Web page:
Before you cover the hook shank with a good amount of epoxy or super glue, Do a dry run mounting the popper head. Make sure the hole in your popper head is open, use a dubbing needle.



Push on the bulldozer popper head onto the hook shank. Make sure the head is aligned with the hook point!



Glue on your mobile eyes. Again make sure that the eyes are balanced – otherwise the popper head will not float on an even keel and thus not splash and pop to its full ability. This rule for poppers does not apply to streamers/bait fish imitations, it’s quite the opposite! An off-balanced streamer will swim and behave much more like an injured fish.

On a safety note: Hard hat and other safety equipment should be worn when casting the bulldozer…


You can find more patterns for toothy fish in: Flies for Pike:
Flyfishing for pike has never been more popular. Barry Ord Clarke presents us with a new generation of successful flies for pike developed by expert pike flyfishermen and fly-tyers. Herman Broers, Dougie Loughridge, Simon Graham, Ulf Hagstrom, Ad Swier and Steve Silverio have all contributed their well-proven patterns. Ten proven patterns – flies that have proved their worth – catching many big pike in British, European and North American waters. With step-by-step fly-tying instructions, and many tips from the experts on luring this exciting quarry. This is the first in the new Proven Patterns series of step-by-step guides to flies that catch fish.
Flies for Sea trout rivers:
The elusive and challenging sea-trout, lithe and strong from feeding in the sea, inhabits the wildest places in Britain and Europe. Like the salmon it ceases feeding once in the river and its capture calls for the highest skills of the angler and fly-tyer. On the darkest nights it abandons its customary caution and may fiercely attack the flyfisher’s lure, and even under low-water conditions it may be tempted by a skillfully presented nymph. Barry Ord Clarke and sea-trout experts Illtyd Griffiths, Steffan Jones, Gerhard Schive and Bjarne N Thomsen present us with 15 proven patterns for sea-trout, step-by-step tying instructions, and tips on how to fish them. This is the third in the new Proven Patterns series of step-by-step guides to flies that catch fish.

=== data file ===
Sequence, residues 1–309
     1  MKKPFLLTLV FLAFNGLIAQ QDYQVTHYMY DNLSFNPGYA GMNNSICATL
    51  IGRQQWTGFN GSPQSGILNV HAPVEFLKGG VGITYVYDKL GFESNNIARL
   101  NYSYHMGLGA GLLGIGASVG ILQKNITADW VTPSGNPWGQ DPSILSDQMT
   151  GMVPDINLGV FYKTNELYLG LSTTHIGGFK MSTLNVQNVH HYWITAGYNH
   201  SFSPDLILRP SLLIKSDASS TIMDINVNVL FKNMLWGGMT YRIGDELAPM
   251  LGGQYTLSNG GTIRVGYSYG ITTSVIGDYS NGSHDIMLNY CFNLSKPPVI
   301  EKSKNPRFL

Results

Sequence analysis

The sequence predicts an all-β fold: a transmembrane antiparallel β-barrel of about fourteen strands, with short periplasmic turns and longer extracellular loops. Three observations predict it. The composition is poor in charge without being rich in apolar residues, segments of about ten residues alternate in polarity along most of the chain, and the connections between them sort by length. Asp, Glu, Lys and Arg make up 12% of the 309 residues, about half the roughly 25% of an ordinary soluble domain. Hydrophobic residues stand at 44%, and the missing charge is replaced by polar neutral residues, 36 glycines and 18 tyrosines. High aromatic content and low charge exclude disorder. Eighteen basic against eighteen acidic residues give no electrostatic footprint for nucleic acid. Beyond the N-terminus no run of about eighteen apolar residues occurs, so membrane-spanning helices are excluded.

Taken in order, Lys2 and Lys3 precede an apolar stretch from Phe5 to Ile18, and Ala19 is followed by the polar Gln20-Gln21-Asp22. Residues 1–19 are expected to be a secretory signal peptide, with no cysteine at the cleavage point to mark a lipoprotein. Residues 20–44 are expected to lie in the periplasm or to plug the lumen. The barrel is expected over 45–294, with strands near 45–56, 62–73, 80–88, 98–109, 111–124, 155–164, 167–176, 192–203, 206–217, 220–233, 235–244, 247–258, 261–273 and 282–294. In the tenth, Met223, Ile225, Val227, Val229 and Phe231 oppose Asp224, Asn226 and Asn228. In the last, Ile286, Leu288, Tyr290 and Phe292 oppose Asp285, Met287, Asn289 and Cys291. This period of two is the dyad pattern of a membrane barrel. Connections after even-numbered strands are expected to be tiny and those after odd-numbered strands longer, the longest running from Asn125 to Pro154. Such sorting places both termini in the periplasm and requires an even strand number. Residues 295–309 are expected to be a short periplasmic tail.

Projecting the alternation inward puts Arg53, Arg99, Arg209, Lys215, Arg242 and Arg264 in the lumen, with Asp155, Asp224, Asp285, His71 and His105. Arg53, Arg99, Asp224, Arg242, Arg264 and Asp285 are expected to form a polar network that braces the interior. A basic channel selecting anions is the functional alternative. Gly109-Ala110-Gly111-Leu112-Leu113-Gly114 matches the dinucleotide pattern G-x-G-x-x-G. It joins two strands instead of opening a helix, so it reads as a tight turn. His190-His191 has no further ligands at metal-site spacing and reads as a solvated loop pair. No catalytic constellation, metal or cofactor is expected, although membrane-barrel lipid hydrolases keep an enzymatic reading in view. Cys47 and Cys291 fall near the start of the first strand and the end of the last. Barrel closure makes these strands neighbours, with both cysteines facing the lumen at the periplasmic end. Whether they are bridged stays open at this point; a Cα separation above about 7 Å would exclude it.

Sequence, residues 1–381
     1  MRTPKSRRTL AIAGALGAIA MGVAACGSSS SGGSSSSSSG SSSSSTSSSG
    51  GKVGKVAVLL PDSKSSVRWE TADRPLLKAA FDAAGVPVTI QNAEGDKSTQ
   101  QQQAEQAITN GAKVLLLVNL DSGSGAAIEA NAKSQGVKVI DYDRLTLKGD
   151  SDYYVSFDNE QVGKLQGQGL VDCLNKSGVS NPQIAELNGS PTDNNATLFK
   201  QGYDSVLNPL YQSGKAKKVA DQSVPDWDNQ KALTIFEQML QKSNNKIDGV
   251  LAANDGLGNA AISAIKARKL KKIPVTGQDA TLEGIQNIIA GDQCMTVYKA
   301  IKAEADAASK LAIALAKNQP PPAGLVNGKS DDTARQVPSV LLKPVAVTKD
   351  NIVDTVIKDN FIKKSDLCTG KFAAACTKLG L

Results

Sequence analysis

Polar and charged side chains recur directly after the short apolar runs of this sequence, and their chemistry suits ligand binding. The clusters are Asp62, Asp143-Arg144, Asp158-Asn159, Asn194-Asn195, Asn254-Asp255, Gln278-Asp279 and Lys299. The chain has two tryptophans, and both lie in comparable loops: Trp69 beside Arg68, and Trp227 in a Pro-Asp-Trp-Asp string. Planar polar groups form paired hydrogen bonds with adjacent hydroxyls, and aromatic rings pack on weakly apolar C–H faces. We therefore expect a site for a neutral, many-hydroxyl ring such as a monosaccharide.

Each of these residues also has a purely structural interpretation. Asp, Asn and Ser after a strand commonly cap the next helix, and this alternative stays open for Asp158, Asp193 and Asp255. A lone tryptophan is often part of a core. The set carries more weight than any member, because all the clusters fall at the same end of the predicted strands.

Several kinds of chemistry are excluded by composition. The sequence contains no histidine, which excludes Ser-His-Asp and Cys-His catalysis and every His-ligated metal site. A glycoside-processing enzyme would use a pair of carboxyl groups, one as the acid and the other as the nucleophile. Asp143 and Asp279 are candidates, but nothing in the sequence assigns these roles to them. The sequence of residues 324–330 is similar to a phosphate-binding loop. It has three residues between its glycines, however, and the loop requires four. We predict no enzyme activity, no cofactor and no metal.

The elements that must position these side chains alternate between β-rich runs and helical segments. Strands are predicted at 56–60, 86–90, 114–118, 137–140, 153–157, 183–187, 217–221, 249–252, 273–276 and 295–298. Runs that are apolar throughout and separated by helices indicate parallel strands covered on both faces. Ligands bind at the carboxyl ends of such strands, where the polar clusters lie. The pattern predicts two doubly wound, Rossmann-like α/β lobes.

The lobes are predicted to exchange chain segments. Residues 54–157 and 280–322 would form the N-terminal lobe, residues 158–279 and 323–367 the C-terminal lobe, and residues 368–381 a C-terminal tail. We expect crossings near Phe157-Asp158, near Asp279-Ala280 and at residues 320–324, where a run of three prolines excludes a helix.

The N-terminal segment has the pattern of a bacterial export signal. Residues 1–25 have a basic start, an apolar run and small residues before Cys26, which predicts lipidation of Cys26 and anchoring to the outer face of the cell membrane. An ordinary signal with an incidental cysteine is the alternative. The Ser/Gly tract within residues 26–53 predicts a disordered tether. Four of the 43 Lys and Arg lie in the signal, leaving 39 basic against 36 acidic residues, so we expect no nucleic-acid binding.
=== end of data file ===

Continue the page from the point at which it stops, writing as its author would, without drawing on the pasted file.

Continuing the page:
Flies for Sea trout Salt water:
Flyfishing for sea-trout in the sea is one of the most exciting recent developments in angling. It had long been practised on our northern and western shores, largely using traditional wet-fly tactics, but the massive growth of the sea-trout fishery in Scandinavia has led to the development of innovative and highly successful fly patterns, many of them imitating the natural prey of the sea-trout in the sea. Barry Ord Clarke and sea-trout experts Claus Eriksen and Bjarne N Thomsen present us with ten proven patterns for saltwater sea-trout, with step-by- step tying instructions, and tips on how to fish them. This is the second in the new Proven Patterns series of step-by-step guides to flies that catch fish.
Forthcoming titles include: Proven Patterns: Flies that catch Salmon. Proven Patterns: Flies for Carp and Coarse Fish. Proven Patterns: Flies for Bass, Mullet & other Sea Fish. Proven Patterns: Dry Flies for Grayling. Proven Patterns: Flies for Rainbow Trout.
Link to Barry Ord Clarke Books: